For example, my little theory about politics above, I’d file that under “theoretically plausible” — it’s a fun thing to think about and loosely reflects reality but you probably wouldn’t want to bet your life on it.
Other ideas that have a lot of research behind them but remain theories, you’d move them up to “probably true,” and things that have been around for generations and have a lot of rock-solid evidence, you’d categorize as, “almost certainly true.”
Then, at the tippy top of the spectrum, you get stuff like gravity and the laws of thermodynamics, the fact that your mom fucked your dad at some point, and all the other stuff that it’s inconceivable as to how they could not be true.
Generally, we’re good at moving up the scale of certainty, we’re good at taking something we think might be true and then accepting that it’s probably true.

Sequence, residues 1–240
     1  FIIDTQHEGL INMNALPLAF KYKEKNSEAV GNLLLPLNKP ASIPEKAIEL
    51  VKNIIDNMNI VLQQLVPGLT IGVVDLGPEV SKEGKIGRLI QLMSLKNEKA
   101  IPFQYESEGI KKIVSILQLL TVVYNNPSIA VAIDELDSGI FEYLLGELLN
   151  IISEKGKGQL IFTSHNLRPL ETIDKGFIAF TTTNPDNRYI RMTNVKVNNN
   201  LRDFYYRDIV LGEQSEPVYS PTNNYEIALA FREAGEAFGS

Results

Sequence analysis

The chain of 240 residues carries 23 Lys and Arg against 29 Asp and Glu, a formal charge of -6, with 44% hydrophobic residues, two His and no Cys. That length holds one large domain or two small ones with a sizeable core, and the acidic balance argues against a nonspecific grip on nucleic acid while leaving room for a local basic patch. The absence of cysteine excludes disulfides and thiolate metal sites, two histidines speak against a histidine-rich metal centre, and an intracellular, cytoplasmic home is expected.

But we’re really bad at coming down the scale of certainty. We suck at taking things that we’re sure are true and admitting that they might not be. In fact, we often do the opposite: we double down on them as if to prove to ourselves we were right all along. And that’s when the trouble starts.
Nietzsche is right that it’s not flexibility of thought but rigidity of thought that causes irrationality and stupidity. Therefore, changing your mind should be something admirable, not embarrassing. It should be seen as a success and not a failure. It should be celebrated, not ridiculed.
This is something I’d like to institute into the newsletter at some point soon: once or twice a year, I share things that I’ve recently changed my mind about, and why. Maybe I’ll crowdsource things that you guys have changed your minds about and share those as well.
Then we’ll all drink some cheap tequila and eat birthday cake and celebrate the necessary-yet-impossible pursuit of truth. It’ll be fun.
Until next week,